Predominant Bacteria Detected from the Middle Ear Fluid of Children Experiencing Otitis Media: A Systematic Review

PLoS One. 2016 Mar 8;11(3):e0150949. doi: 10.1371/journal.pone.0150949. eCollection 2016.

Abstract

Background: Otitis media (OM) is amongst the most common childhood diseases and is associated with multiple microbial pathogens within the middle ear. Global and temporal monitoring of predominant bacterial pathogens is important to inform new treatment strategies, vaccine development and to monitor the impact of vaccine implementation to improve progress toward global OM prevention.

Methods: A systematic review of published reports of microbiology of acute otitis media (AOM) and otitis media with effusion (OME) from January, 1970 to August 2014, was performed using PubMed databases.

Results: This review confirmed that Streptococcus pneumoniae and Haemophilus influenzae, remain the predominant bacterial pathogens, with S. pneumoniae the predominant bacterium in the majority reports from AOM patients. In contrast, H. influenzae was the predominant bacterium for patients experiencing chronic OME, recurrent AOM and AOM with treatment failure. This result was consistent, even where improved detection sensitivity from the use of polymerase chain reaction (PCR) rather than bacterial culture was conducted. On average, PCR analyses increased the frequency of detection of S. pneumoniae and H. influenzae 3.2 fold compared to culture, whilst Moraxella catarrhalis was 4.5 times more frequently identified by PCR. Molecular methods can also improve monitoring of regional changes in the serotypes and identification frequency of S. pneumoniae and H. influenzae over time or after vaccine implementation, such as after introduction of the 7-valent pneumococcal conjugate vaccine.

Conclusions: Globally, S. pneumoniae and H. influenzae remain the predominant otopathogens associated with OM as identified through bacterial culture; however, molecular methods continue to improve the frequency and accuracy of detection of individual serotypes. Ongoing monitoring with appropriate detection methods for OM pathogens can support development of improved vaccines to provide protection from the complex combination of otopathogens within the middle ear, ultimately aiming to reduce the risk of chronic and recurrent OM in vulnerable populations.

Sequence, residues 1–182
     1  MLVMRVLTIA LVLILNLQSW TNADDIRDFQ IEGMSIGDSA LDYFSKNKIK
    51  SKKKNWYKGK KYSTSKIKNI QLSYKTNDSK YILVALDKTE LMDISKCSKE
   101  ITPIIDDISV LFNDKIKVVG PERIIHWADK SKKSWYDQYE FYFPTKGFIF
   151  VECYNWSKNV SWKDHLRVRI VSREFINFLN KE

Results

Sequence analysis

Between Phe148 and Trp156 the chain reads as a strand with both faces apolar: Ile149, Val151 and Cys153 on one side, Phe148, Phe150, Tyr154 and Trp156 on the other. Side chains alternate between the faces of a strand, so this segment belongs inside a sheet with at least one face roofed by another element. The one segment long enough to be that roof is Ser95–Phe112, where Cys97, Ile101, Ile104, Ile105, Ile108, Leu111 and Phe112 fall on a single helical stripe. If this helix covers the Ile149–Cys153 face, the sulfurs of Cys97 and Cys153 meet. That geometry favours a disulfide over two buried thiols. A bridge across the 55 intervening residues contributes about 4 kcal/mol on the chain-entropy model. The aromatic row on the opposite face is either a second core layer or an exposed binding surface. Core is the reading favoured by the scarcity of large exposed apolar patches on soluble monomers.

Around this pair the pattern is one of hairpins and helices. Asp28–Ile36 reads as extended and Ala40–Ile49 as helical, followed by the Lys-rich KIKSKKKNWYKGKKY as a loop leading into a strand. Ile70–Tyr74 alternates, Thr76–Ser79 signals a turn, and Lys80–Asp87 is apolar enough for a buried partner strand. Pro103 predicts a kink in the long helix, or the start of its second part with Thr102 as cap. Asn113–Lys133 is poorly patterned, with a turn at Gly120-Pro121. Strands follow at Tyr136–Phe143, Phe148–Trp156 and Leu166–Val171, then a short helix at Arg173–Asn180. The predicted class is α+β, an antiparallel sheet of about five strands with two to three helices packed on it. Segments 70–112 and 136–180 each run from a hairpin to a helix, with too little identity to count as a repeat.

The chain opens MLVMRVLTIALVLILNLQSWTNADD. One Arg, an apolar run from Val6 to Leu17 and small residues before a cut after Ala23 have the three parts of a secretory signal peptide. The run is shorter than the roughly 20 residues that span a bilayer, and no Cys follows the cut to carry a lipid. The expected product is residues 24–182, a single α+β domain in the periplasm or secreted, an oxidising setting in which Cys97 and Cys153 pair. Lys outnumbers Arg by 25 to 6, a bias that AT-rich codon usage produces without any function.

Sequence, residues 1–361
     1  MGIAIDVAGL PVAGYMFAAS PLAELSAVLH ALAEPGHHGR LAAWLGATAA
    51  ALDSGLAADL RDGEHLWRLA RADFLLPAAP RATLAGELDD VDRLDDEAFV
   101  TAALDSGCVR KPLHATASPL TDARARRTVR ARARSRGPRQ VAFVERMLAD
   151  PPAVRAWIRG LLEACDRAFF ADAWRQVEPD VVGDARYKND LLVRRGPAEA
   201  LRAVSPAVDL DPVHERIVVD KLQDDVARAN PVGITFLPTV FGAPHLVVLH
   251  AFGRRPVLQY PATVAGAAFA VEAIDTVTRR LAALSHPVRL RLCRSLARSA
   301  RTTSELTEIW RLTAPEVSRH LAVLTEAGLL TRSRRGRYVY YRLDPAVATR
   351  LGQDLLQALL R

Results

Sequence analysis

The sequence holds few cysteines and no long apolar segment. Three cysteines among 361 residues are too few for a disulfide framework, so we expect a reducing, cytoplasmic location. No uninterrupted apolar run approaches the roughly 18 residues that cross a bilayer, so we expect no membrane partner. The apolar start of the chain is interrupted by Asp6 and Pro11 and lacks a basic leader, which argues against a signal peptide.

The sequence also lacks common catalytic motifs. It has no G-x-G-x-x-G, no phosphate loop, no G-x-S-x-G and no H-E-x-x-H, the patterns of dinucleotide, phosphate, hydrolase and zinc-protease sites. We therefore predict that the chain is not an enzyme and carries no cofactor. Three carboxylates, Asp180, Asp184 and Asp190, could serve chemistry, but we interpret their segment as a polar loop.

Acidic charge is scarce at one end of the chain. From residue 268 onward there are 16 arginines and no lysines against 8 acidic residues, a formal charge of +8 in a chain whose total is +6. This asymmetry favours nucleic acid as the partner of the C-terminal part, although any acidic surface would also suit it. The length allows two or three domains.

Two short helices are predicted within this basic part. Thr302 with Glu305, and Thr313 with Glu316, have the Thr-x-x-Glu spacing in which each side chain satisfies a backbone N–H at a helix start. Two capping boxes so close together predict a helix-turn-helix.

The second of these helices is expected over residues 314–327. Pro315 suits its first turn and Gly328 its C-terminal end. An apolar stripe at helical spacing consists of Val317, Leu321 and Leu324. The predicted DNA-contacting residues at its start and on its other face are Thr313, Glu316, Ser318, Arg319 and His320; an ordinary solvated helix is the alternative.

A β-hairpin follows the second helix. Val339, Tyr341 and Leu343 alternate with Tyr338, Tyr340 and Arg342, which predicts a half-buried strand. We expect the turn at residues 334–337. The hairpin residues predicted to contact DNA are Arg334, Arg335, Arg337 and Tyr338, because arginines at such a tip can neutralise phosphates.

Publication types

  • Meta-Analysis
  • Research Support, Non-U.S. Gov't
  • Review
  • Systematic Review

MeSH terms

  • Anti-Bacterial Agents / pharmacology
  • Bacteria / classification*
  • Bacteria / drug effects
  • Bacteria / genetics
  • Bacteria / isolation & purification
  • Bacterial Infections / diagnosis
  • Bacterial Infections / microbiology*
  • Bacterial Infections / prevention & control
  • Child
  • Child, Preschool
  • Global Health
  • Heptavalent Pneumococcal Conjugate Vaccine / immunology
  • Humans
  • Infant
  • Infant, Newborn
  • Microbial Sensitivity Tests
  • Otitis Media / diagnosis
  • Otitis Media / microbiology*
  • Otitis Media / prevention & control
  • Otitis Media with Effusion / diagnosis
  • Otitis Media with Effusion / microbiology*
  • Otitis Media with Effusion / prevention & control
  • Polymerase Chain Reaction / methods
  • Polymerase Chain Reaction / standards

Substances

  • Anti-Bacterial Agents
  • Heptavalent Pneumococcal Conjugate Vaccine

Grant support

The authors received no specific funding for this work. CNN acknowledges the Vietnam International Education Development, The Ministry of Education and Training (VIED-MOET) for a doctoral scholarship. RBT acknowledges the BrightSpark Foundation, Perth, Western Australia for a post-doctoral fellowship. The funders had no role in the study design, data collection and analysis, decision to publish, or preparation of the manuscript.